Milan is famous mainly as a shopping town. While it’s true that Milan offers some of the best shops in the world, it’s also true that you can find the same things in New York and Miami where they cost much less. Milan is also known for its historical sites, like the Duomo Cathedral and many other churches, the Brera Museum which has paintings of unparalleled beauty, the opera theater La Scala, the convent of Santa Maria delle Grazie where you can admire Leonardo Da Vinci’s masterpiece The Last Supper, the 600-years-old Sforzesco Castle, the ancient streets in the Navigli neighbourhood, and the world famous San Siro soccer stadium.
Not many people know that Milan is also the capitol of Italian boxing. The very first world championship held in Italy was organized in Milan on March 19, 1933. IBU bantamweight champion Panama Al Brown won on points against local favorite Domenico Bernasconi. In case you are wondering about the IBU, it was just one of many sanctioning bodies active in the 1930s. Too many times we’ve read that alphabet organizations are a problem of today’s boxing, but they always existed. On August 25, 1931 Panama Al Brown faced Pete Sanstol in Montreal for the NBA, NYSAC and CBF (Canadian Boxing Federation) world bantamweight titles. The IBU crown wasn’t on the line. Brown won by split decision in front of 12,300 fans.
When Brown came to Milan, he had a record of 105-12-10 while Domenico Bernasconi’s rèsumè stood at 39-15-5. Brown was more experienced and had faced a long list of quality opponents, but this made no difference to the fans who really believed that Bernasconi could score an upset. The atmosphere was so hot that 200 militia officers were stationed in front of the Palazzo dello Sport to prevent disorder among the crowd. That’s another thing that never changed. Milanese people are very quiet, seldom smile, spend most of their time working hard, but get wild when they attend a sports event. Throwing objects into the ring is a classic. Last July 27, somebody seated in the V.I.P. section launched a crash-helmet into the ring because he didn’t like the fight between Silvio Branco and Manny Siaca. This change of personality is also evident during soccer games. When police officers make arrests, they discover that the vandals are lawyers, doctors, brokers… with no criminal record. They all tell the same story: It’s the stadium which turns us into animals.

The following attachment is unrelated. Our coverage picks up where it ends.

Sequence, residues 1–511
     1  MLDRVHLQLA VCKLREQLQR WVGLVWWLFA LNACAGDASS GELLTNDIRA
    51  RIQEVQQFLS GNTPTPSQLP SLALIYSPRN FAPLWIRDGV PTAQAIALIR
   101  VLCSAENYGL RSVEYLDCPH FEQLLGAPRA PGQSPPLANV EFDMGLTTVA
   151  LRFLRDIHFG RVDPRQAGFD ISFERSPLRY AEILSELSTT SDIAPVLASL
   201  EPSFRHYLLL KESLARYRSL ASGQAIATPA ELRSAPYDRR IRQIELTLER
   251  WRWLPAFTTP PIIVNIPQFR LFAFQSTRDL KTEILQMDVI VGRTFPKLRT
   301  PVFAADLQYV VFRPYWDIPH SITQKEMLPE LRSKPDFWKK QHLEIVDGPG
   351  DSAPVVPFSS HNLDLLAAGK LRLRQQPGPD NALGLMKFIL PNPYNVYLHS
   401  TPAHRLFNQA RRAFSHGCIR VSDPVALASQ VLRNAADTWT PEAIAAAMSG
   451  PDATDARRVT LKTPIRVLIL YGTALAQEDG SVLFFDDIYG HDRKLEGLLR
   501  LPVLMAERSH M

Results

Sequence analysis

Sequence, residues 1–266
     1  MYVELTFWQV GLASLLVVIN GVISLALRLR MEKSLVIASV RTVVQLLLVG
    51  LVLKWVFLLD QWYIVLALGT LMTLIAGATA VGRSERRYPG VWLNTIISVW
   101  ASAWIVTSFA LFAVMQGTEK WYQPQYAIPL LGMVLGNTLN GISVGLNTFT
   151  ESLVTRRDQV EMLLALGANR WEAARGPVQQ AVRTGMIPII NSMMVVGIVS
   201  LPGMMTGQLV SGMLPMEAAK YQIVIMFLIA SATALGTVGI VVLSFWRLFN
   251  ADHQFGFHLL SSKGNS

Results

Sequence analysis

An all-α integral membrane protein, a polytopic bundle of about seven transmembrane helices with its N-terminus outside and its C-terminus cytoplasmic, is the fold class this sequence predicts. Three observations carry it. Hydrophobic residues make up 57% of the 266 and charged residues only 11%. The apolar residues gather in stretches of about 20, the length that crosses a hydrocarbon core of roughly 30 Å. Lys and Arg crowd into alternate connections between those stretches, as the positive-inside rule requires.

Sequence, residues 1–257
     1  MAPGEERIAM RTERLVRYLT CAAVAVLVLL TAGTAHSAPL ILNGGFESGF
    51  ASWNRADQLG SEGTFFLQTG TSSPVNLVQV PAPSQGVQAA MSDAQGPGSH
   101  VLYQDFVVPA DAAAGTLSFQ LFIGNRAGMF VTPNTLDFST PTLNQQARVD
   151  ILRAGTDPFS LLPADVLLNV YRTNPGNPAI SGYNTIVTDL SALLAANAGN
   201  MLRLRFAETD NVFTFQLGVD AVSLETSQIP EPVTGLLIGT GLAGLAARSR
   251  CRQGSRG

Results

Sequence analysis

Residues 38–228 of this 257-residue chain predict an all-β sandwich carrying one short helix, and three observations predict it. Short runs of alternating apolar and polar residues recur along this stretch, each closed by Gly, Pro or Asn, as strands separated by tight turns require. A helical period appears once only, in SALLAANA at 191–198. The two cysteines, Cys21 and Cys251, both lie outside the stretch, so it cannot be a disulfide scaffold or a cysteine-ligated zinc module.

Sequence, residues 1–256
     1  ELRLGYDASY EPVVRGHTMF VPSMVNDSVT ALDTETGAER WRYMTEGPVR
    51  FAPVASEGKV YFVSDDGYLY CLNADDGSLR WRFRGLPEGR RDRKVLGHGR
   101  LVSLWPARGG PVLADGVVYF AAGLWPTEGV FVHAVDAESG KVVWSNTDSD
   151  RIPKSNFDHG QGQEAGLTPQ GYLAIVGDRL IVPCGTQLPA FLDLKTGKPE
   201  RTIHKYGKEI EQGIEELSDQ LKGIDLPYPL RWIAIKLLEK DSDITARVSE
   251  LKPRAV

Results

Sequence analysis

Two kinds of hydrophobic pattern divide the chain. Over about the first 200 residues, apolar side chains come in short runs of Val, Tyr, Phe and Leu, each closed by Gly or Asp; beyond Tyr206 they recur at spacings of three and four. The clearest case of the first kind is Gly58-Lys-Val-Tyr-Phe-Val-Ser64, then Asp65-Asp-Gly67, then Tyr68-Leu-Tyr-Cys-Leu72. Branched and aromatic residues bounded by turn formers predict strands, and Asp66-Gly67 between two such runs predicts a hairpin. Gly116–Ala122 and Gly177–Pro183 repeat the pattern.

Going back to the point, Milan kept hosting world title fights and drawing record crowds. Duilio Loi, Nino Benvenuti and Sandro Mazzinghi were so big that their matches were held at San Siro soccer stadium. On September 1, 1960 over 61,900 people watched Duilio Loi defeat on points NBA light welterweight champion Carlos Ortiz.
Those huge numbers aren’t possible anymore for a couple of reasons. In 1960, the Italian athletes capable of winning the world title could be counted on one hand. The national soccer team, for instance, was far from being competitive. Besides, there was only state television and everybody watched it in bars (pay-per-view in sports bars is not a new concept either; in fact they say “more things change, more they stay the same”). A fighter who went on state television became a superstar. Today, with 100 channels available, a boxer can be a star only for the viewers of a particular network. RAI Sat and SportItalia, for example, can be seen only by the people who buy a decoder or a parabolic antenna; fighting 10 times on those networks doesn’t absolutely mean becoming famous.